Read The Lighter Side Online

Authors: Keith Laumer,Eric Flint

Tags: #Science fiction, #Adventure, #General, #Science Fiction - General, #Fiction, #Science Fiction & Fantasy, #Fiction - Science Fiction, #Space Opera, #Short stories, #Science Fiction - Adventure, #Science Fiction - Space Opera, #High Tech, #Science Fiction - Short Stories

The Lighter Side (4 page)

BOOK: The Lighter Side
3.42Mb size Format: txt, pdf, ePub

"Does that answer your question?" Fom Berj was crouched behind the parapet. "Well, there's no help for it. I'll have to use sterner measures." She broke off as the deck underfoot trembled, then rose in a series of jarring jerks, dropped a foot, thrust upward again. A low rumble had started up. Brick came pelting down from adjacent buildings to smash thunderously below.

"Oh, oh, it's started!" Fom Berj shrilled. Clinging to the roof with her multiple ambulatory members, the detective unlimbered a device resembling a small fire extinguisher, took aim and fired. Waverly, bouncing like a passenger in a Model T Ford, saw a yellow spear of light dart out, glance off the force bubble and send up a shower of sparks as it scored the blue-glowing sphere.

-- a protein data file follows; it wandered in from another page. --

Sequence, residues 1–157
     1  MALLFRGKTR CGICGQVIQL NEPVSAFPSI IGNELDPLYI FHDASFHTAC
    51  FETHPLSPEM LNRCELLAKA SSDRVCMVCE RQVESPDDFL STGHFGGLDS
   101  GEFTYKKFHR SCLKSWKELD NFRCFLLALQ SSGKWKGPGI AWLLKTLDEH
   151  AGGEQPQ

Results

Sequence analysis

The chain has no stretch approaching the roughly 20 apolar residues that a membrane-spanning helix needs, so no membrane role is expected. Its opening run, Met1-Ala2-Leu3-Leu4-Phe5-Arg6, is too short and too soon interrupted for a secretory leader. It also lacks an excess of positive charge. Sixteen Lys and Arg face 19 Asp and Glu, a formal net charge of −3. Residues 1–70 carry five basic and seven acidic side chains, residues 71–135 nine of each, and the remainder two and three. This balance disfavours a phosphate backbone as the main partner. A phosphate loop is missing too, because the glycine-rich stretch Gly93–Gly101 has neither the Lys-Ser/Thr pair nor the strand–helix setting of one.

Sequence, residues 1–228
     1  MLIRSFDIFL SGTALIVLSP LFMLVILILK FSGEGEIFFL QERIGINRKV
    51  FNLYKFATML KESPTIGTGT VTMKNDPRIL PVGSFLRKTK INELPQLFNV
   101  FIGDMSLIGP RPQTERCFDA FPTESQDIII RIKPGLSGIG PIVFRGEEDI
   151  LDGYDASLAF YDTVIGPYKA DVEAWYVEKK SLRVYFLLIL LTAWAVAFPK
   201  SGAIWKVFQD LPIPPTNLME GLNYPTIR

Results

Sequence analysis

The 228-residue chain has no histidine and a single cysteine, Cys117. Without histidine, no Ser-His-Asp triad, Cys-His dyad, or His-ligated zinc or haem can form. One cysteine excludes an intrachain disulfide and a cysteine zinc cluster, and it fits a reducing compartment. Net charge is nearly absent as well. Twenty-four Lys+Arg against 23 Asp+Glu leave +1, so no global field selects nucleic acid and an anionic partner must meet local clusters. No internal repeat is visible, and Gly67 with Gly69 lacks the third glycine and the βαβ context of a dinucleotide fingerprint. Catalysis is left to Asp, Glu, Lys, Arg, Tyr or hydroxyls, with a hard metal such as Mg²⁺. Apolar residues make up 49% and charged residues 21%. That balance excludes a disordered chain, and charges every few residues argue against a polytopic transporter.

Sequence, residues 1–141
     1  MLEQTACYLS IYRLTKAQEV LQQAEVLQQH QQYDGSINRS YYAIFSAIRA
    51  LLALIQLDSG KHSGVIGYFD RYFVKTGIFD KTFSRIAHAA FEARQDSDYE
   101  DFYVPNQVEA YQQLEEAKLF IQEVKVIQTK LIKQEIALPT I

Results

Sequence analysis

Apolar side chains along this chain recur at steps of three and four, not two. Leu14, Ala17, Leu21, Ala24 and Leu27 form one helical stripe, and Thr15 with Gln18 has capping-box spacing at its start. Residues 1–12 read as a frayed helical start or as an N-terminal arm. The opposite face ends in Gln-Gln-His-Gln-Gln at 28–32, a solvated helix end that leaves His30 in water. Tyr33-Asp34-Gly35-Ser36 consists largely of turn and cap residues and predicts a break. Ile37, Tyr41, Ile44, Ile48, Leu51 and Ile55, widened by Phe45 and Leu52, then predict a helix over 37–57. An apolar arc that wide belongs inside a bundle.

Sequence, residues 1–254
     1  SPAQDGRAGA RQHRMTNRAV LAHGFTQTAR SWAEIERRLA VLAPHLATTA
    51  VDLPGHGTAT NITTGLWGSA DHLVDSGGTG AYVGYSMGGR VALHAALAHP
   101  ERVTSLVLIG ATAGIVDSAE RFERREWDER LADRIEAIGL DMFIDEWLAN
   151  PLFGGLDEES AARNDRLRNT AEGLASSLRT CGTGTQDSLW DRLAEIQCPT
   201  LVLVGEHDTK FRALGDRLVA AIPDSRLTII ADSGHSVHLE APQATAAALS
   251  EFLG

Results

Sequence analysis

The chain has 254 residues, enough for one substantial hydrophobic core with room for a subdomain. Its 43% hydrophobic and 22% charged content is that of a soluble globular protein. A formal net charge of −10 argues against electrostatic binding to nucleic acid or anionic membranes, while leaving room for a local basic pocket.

"Bull's-eye!" Fom Berj trilled. "A couple more like that, and—"

The whole mountainside under the building seemed to tilt. The parapet toppled and was gone. Waverly grabbed for a stout TV antenna, held on as his feet swung over the edge. Fom Berj emitted a sharp scream and grabbed for a handhold. The vaporizer slid past Waverly, went over the edge.

"That does it," the detective cried over the roar of crumbling mortar. "We tried, Wivery!"

"Look!" Waverly yelled. Over his shoulder, he saw the force bubble suddenly flicker violet, then green, then yellow—and abruptly dwindle to half its former diameter. Through a pall of dust, Waverly discerned the outlines of an elaborate apparatus resembling an oversized X-ray camera, now just outside the shrunken blue bubble. A pair of figures, one tall and thin, the other rotund and possessing four arms, dithered, scrabbling at the dome for entrance. One slipped and disappeared over the roof's edge with a mournful yowl. The other scampered off across the buckling roof, leaped to an adjacent one, disappeared in a cloud of smoke and dust.

* * *

"Did you see that?" Fom Berj cried. "They've had to abandon their grappler! We've beaten them!"

"Yes—but what about the earthquake?" Waverly called as the roof under him bounded and leaped.

"We'll just have to ride it out and hope for the best!"

Through the dust cloud, they watched as the blue bubble quivered, swam upward from its perch, leaving the abandoned tractor beamer perched forlornly on the roof.

"Let them go," Fom Berj called. "As soon as the ground stops shaking, we'll be after them."